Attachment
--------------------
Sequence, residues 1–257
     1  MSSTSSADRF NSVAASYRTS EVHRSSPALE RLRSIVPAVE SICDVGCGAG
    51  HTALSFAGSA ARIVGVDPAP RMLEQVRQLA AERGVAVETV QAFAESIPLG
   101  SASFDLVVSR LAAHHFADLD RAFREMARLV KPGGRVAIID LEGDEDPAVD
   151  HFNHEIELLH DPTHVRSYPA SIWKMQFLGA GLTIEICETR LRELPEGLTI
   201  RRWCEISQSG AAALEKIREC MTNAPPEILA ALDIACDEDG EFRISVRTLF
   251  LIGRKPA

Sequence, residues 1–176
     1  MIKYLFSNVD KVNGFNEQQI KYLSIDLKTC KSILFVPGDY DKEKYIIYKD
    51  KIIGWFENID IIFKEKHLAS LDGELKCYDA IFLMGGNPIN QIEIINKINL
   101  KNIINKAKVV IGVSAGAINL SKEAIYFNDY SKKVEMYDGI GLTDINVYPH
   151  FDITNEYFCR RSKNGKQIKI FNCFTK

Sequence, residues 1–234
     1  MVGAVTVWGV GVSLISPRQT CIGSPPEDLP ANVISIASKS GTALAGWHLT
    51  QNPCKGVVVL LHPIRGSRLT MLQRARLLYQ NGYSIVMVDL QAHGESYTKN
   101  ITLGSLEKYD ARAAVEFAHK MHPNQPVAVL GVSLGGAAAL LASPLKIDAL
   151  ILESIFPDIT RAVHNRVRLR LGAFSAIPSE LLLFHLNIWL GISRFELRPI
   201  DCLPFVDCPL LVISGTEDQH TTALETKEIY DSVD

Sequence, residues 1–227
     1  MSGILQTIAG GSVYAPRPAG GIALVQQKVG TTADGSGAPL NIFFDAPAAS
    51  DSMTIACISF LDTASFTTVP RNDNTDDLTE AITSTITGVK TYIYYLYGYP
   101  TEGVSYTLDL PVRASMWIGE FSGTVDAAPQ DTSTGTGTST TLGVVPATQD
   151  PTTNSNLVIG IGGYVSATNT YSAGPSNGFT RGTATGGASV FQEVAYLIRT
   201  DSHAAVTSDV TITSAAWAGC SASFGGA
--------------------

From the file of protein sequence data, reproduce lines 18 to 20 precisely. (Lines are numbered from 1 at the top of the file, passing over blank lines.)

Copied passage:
   201  DCLPFVDCPL LVISGTEDQH TTALETKEIY DSVD

Sequence, residues 1–227
     1  MSGILQTIAG GSVYAPRPAG GIALVQQKVG TTADGSGAPL NIFFDAPAAS